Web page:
This month we started traveling again for meetings and while we were on the move again, the equity market remained unusually unmoved by macro headlines. Jeremy Richardson discusses the U.S. earnings season and why we are keeping a close eye on bond markets.
Watch time: 3 minutes 32 seconds
Hello. This is Jeremy Richardson from the RBC Global Equity Team here with another monthly update and a change of location, and a sign, perhaps that things might be getting back to normal. I’m speaking to you from a hotel room somewhere in Denmark, looking forward to a number of face-to-face meetings as I get back out onto the road. Makes a pleasant change from videoconferencing for the last couple of years.
It’s a sign, I think, that the world is gradually getting back to normal, and I think that that more positive outlook is very much shared by the equity market at the moment. Remember in September, we saw quite a bit of volatility caused by concern at inflationary pressures that are both larger and longer lasting, in the words of the Chairman of the U.S. Federal Reserve, creating some concern that maybe we would get aggressive changes in the monetary policy.
Well, October arrived, and with that came the U.S. earnings season. Comes four times a year and always a good opportunity for investors to put the newspaper headlines to one side and instead focus on company fundamentals. And generally, I would say that those fundamentals have been pretty pleasing.
The earnings season got underway with the banks and the results were fairly robust. Notably, we saw write-backs of earn-off provisions, taken in the teeth of the pandemic out of an excess of caution, now no longer required. That got followed up with some really good results from many of the technology companies. And more recently, we’ve been seeing a lot of the consumer companies give us a bit of a window into what they’re seeing in terms of the health of the consumer.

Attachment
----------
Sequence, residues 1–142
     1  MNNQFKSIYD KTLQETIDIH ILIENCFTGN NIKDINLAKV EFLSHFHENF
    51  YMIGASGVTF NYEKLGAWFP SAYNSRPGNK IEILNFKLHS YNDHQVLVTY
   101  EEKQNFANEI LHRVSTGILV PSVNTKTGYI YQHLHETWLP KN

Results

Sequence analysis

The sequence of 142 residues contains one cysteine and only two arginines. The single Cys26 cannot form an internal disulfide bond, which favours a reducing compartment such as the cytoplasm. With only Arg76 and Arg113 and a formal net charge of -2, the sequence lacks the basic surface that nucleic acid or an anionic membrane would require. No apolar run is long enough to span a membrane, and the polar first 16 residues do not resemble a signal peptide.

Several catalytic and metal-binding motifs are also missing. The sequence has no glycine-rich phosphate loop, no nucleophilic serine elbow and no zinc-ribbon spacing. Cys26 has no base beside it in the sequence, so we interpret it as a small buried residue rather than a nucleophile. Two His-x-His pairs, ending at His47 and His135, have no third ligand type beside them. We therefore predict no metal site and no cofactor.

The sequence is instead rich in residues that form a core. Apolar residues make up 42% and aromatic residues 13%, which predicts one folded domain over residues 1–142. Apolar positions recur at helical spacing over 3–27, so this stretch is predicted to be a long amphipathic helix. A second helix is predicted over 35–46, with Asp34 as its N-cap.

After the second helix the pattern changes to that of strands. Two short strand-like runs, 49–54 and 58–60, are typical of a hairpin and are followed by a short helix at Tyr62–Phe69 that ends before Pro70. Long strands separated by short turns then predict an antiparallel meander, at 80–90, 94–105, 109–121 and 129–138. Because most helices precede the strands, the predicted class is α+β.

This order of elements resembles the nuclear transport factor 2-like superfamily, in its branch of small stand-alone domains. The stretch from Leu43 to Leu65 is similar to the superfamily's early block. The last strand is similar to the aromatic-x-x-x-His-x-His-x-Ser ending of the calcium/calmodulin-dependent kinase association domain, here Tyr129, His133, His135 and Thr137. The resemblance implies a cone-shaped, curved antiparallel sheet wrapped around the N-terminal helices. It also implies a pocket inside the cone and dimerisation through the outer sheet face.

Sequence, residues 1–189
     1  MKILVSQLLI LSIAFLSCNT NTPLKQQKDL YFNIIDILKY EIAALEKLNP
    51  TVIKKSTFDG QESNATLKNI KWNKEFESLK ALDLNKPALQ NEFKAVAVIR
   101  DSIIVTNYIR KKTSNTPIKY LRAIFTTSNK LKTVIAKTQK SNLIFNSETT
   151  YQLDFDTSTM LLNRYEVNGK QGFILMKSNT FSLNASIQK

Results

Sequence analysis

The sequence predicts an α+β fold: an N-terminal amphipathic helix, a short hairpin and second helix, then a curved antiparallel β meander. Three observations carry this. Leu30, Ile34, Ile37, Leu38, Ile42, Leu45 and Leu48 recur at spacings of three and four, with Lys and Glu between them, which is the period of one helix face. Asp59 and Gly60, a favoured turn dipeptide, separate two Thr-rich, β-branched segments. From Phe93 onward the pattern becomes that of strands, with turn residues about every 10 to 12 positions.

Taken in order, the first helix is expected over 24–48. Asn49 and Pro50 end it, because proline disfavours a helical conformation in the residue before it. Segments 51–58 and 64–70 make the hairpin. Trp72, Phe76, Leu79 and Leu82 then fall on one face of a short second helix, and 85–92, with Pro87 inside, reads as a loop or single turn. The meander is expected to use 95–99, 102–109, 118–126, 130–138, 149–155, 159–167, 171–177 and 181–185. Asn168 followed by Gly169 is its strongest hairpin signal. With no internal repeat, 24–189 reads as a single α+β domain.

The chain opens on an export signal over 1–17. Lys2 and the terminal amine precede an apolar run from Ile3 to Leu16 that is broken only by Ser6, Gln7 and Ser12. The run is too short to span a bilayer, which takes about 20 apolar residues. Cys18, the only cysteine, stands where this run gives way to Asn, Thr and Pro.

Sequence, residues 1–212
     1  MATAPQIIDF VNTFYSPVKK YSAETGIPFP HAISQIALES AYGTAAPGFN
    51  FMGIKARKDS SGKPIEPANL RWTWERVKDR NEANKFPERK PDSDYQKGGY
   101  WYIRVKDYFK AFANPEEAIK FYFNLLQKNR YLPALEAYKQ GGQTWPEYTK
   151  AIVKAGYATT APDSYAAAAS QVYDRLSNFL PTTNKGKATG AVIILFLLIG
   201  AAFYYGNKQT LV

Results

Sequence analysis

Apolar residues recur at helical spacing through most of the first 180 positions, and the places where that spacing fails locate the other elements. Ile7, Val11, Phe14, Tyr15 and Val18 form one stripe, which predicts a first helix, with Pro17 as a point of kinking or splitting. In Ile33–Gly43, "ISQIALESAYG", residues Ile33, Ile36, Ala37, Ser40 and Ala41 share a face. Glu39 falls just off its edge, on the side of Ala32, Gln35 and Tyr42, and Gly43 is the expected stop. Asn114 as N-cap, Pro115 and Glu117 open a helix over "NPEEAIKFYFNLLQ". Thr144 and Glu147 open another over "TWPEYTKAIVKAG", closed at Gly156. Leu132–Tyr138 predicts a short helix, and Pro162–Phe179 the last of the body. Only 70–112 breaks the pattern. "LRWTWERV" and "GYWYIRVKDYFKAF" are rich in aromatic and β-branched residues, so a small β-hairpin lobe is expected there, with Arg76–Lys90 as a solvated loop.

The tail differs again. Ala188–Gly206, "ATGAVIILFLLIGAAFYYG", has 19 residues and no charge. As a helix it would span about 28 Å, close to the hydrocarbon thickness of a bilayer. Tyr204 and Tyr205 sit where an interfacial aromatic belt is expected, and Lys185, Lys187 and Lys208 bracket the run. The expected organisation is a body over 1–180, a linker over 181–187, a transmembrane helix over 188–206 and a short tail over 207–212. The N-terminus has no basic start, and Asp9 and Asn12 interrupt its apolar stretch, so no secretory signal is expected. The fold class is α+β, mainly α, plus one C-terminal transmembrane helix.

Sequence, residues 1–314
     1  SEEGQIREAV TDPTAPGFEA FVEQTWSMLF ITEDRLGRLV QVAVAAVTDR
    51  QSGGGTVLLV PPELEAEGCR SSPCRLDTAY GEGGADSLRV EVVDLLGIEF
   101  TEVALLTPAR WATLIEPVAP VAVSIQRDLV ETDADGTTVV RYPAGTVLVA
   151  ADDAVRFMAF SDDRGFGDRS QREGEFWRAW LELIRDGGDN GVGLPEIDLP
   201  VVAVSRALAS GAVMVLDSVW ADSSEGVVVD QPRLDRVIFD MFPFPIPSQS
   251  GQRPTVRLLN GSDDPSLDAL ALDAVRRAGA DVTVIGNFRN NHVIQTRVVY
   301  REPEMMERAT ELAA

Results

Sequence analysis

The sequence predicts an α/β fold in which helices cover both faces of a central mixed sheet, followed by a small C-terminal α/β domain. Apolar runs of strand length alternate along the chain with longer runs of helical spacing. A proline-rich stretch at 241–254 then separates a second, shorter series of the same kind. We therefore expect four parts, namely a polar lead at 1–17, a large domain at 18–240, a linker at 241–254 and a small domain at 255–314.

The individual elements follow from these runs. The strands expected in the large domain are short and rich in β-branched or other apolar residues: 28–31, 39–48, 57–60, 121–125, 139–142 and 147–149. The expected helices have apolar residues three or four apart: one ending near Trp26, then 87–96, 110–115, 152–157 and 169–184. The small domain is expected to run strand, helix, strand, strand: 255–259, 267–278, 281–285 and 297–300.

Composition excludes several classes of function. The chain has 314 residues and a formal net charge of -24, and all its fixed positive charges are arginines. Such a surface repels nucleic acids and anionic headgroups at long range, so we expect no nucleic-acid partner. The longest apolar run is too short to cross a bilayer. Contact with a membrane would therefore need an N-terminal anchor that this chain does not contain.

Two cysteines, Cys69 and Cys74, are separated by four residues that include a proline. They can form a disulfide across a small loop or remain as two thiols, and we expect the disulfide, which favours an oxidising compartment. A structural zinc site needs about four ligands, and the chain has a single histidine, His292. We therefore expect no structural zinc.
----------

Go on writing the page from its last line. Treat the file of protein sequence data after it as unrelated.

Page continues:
And it looks as though consumers are getting back out there. We’re seeing services beginning to pick up. Strong figures in terms of like-for-likes or same-store sales, which I think perhaps are a positive omen as we head now towards the end of the calendar year and the arrival of gifting season. And I think a lot of the companies will be looking forward to this with a certain degree of anticipation, given that sort of quite positive momentum that is being seen in the short term.
Now before we get too carried away, though, as investors at the sort of encouraging mood music coming from the fundamental reports of companies, it’s probably worth keeping half an eye on what’s going on in the bond market. And there seems to be a difference of opinion. Whereas the equity market seems quite, I would say, sort of particularly volatile, it’s been greeted, many of these results, in a fairly benign way; we’re not seeing the same sort of stance coming from the bond market which seems to be characterized by a lot more volatility at the moment. And it may be the case that not both of these two asset classes can be right.
So, for equity investors, great to see the strong company fundamentals; always pleasant to be reminded of what great businesses can deliver. But at the same time, probably just worth keeping an eye on what’s going on elsewhere within capital markets, just in case some of that volatility could feed over into equity markets.
And so again, this is where we end up with that marriage between the alpha generation coming from strong company fundamentals with the need for alpha capture, which comes from risk management in order to be able to face off to any unexpected volatility.
I hope that’s been of interest, and I look forward to catching up with you again soon.